The Organisation of the Eastern Caribbean States, OECS, came into being on 18 June 1981, when seven Eastern Caribbean countries signed a treaty, agreeing to co-operate with each other and promote unity and solidarity among their Member States. This treaty became known as the Treaty of Basseterre, so named in honour of the capital city where it was signed.The Organisation of the Eastern Caribbean. The member States of the OECS are Antigua and Barbuda, Dominica, Grenada Montserrat, St Kitts and Nevis, Saint Lucia and St Vincent and the Grenadines. The British Virgin Islands and Anguilla are associate members.
Following the collapse of the West Indies Federation and prior to the signing of the Treaty of Basseterre, two caretaker bodies were created: the West Indies Associated States Council of Ministers (WISA) in 1966, formed to “administer such common services of the participating territories and to perform such other functions as may be agreed upon from time to time”, and the Eastern Caribbean Common Market (ECCM) in 1968 which aimed “to promote a harmonious and equitable development of the Eastern Caribbean sub-region.”
As the islands, one by one, gained their independence from Britain it became evident that there was need for a more formal arrangement to pilot the development of the Eastern Caribbean to enable these islands to a level of development similar to, or greater than, that being achieved by some of the more developed countries of the Caribbean Community. So it was that the OECS was established and the WISA Secretariat became the Central Secretariat of the OECS and the ECCM, the Economic Affairs Secretariat (now merged with the Central Secretariat).
THE TREATY The functions of the Organisation as outlined in the Treaty are:
The Organisation of the Eastern Caribbean
- to promote co-operation among the Member States and at the regional and international level;
- to promote unity and solidarity among the Member States and to defend their sovereignty, territorial integrity and independence;
- to assist the Member States in the realisation of their obligations and responsibilities to the international community with due regard to the role of the international law as a standard of conduct in their relationships;
- to seek to achieve the fullest possible level of harmonisation of foreign policy among the Member States; to seek to adopt, as far as possible, common positions on the international issues and to establish and to maintain wherever possible, arrangements for joint overseas representation and/or common services;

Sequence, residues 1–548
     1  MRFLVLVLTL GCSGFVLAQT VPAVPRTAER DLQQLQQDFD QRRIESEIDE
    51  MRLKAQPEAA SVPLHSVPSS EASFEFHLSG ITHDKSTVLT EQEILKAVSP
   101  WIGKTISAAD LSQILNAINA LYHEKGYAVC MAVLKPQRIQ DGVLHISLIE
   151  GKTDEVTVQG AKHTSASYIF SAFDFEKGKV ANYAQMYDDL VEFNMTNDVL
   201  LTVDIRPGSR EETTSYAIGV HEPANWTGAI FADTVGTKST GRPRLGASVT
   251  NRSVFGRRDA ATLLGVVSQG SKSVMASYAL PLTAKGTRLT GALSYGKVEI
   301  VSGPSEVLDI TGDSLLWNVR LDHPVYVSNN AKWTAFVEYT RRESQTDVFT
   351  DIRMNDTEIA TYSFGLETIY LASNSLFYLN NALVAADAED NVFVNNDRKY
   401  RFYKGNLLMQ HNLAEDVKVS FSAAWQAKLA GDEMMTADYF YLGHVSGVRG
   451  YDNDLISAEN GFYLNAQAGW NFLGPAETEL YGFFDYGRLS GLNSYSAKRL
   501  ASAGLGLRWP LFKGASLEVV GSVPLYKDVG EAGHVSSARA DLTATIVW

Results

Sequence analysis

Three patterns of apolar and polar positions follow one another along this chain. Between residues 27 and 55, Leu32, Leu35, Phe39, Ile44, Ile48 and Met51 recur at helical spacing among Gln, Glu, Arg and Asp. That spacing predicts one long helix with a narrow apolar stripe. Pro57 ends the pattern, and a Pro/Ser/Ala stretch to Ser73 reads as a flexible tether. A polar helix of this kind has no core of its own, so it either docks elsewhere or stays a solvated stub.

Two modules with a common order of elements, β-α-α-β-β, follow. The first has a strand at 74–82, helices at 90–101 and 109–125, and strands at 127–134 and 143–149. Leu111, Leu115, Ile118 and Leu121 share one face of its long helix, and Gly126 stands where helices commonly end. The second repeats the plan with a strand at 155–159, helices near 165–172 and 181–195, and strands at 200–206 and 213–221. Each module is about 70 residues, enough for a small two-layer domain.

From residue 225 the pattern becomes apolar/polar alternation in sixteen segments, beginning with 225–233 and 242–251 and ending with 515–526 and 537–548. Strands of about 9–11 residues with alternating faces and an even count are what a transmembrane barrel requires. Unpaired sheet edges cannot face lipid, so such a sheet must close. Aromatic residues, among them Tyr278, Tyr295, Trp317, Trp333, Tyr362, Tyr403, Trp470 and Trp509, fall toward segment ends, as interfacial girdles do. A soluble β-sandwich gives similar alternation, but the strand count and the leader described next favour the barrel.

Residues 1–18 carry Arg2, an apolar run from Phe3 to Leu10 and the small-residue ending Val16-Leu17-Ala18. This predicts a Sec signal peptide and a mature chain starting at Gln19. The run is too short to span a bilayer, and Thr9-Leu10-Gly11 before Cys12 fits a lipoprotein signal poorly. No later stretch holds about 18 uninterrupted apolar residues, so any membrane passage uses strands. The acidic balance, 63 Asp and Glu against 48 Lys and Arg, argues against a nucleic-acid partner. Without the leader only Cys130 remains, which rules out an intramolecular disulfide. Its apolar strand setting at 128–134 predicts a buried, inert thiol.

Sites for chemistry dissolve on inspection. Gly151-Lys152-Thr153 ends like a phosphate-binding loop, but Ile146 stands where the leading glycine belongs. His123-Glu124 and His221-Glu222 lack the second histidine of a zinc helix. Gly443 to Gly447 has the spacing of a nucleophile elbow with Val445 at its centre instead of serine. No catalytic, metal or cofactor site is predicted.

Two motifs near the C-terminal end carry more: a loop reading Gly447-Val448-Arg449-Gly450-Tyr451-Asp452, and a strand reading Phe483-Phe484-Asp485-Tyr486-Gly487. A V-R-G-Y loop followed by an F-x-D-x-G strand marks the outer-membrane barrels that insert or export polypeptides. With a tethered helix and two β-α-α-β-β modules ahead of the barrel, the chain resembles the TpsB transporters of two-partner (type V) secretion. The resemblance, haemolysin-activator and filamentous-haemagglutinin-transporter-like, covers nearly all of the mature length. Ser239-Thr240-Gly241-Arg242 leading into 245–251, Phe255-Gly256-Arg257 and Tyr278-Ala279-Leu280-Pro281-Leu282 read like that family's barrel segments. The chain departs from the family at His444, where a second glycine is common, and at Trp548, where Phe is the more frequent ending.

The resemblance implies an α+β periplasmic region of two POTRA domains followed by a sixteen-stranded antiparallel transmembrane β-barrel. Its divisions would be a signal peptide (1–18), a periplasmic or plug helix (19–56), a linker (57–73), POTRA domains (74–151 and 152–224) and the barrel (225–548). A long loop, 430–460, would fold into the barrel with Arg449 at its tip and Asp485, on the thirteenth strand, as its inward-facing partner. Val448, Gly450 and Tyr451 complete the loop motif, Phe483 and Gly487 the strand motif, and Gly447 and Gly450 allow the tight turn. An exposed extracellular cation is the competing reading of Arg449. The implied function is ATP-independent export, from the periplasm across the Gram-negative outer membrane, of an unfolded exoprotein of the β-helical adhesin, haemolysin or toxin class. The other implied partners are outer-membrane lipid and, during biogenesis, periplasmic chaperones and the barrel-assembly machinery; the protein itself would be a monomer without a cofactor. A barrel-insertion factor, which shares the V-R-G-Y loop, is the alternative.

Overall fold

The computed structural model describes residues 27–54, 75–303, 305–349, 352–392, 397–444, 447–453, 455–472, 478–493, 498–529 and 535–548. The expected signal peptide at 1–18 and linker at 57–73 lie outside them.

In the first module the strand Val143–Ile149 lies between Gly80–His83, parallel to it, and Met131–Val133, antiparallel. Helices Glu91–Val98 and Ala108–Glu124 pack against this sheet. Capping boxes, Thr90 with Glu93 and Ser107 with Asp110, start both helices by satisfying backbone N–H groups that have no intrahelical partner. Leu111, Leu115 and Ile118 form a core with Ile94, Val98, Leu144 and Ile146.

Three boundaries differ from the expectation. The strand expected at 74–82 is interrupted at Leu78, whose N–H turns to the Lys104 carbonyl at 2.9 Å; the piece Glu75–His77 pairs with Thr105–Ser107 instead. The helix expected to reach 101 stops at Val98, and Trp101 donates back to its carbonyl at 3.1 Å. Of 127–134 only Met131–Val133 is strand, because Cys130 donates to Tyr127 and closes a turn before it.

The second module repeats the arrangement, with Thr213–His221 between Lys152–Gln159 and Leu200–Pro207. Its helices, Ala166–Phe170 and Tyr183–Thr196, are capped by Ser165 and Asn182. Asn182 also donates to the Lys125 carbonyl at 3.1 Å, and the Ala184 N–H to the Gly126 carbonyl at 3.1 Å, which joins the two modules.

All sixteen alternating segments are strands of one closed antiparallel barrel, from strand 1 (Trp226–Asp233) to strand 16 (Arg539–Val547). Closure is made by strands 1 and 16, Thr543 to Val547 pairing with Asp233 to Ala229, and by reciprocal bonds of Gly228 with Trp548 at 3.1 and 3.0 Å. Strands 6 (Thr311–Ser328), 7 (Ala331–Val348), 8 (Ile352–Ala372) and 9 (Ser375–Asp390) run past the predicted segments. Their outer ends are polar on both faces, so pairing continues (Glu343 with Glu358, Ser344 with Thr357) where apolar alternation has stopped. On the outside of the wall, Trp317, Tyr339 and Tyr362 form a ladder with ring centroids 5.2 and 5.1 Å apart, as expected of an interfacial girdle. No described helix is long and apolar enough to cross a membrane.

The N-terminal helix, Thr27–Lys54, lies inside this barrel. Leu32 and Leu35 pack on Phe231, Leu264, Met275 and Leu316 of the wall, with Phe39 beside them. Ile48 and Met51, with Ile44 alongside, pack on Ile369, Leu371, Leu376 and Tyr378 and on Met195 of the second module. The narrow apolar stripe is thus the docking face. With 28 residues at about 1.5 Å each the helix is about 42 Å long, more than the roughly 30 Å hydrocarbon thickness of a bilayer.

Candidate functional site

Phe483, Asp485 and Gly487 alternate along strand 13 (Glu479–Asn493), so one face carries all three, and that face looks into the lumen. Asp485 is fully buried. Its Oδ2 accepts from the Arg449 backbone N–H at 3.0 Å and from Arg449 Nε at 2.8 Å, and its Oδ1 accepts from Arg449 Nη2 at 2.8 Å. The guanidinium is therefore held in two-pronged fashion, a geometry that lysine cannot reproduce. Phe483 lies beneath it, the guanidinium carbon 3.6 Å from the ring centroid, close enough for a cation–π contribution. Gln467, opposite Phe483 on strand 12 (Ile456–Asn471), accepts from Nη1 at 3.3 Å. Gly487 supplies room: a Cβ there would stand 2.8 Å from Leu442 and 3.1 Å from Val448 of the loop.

- to promote economic integration among the Member States;
- to pursue these purposes through its respective institutions by discussion of questions of common concern and by agreement and common action.
The OECS Authority is the highest decision-making body of the Organisation. The Authority is the corporate name given to the Heads of Government (Prime Ministers and Chief Ministers) whose decisions direct the work of the Organisation.The Organisation of the Eastern Caribbean The OECS Authority meets twice yearly. The chairmanship of the Authority changes every year, rotating alphabetically, according to country name.
The Structure of the Organisation:
The OECS is administered by a Central Secretariat located on the Morne, near Castries, St Lucia. The Secretariat is headed by the Director General who is responsible to the Authority. Over the years several institutions have been created.
The Islands share a single currency, the Eastern Caribbean Dollar ($2.70 ECD = 1 USD). The operation of the currency is overseen by the Eastern Caribbean Central Bank,The Organisation of the Eastern Caribbean the Monetary Authority for the seven OECS governments and the government of Anguilla (The British Virgin Islands uses the US Dollar as their de facto currency).
The Islands also share a single Supreme Court: The Eastern Caribbean Supreme Court with its two divisions, the High Court of Justice and the Court of Appeal, administers the laws of each OECS Member State. The Supreme court is headed by the Chief Justice. High Court judges are based in each Member State, but the judges of the Court of Appeal are resident in St Lucia and travel to each territory to hear appeals from the High Court.
The Eastern Caribbean Islands also co-operate in a variety of sectors, with activities spearheaded by specialist units/agencies, most located within the Central Secretariat in Saint Lucia.
In Health, the bulk procurement of pharmaceutical products and other medical supplies is carried out by the ECDS – the Eastern Caribbean Drug Service. Health sector policy reform is the task of the Health Policy Management Unit.
In Education, a multifaceted programme of activities is implemented by the OERU – (OECS Education Reform Unit). The governments also co-operate in primary, secondary and tertiary level education, with respect to curricula and to physical facilities.
Natural Resources Development and Management: The OECS Member States have taken a harmonised approach to providing the policy, legal and administrative framework for the establishment of a regional programme for monitoring and controlling the marine and land-based environment. The NRMU – Natural Resources Management Unit – is charged with this responsibility. It is also responsible for Fisheries